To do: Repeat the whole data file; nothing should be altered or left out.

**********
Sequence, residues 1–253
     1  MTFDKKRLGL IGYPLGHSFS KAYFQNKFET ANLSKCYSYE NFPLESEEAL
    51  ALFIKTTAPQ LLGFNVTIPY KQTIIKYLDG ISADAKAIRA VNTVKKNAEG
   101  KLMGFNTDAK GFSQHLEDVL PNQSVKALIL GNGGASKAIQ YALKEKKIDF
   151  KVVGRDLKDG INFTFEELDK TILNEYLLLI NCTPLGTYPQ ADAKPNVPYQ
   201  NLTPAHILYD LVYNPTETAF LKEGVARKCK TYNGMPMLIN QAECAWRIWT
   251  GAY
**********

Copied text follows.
Sequence, residues 1–253
     1  MTFDKKRLGL IGYPLGHSFS KAYFQNKFET ANLSKCYSYE NFPLESEEAL
    51  ALFIKTTAPQ LLGFNVTIPY KQTIIKYLDG ISADAKAIRA VNTVKKNAEG
   101  KLMGFNTDAK GFSQHLEDVL PNQSVKALIL GNGGASKAIQ YALKEKKIDF
   151  KVVGRDLKDG INFTFEELDK TILNEYLLLI NCTPLGTYPQ ADAKPNVPYQ
   201  NLTPAHILYD LVYNPTETAF LKEGVARKCK TYNGMPMLIN QAECAWRIWT
   251  GAY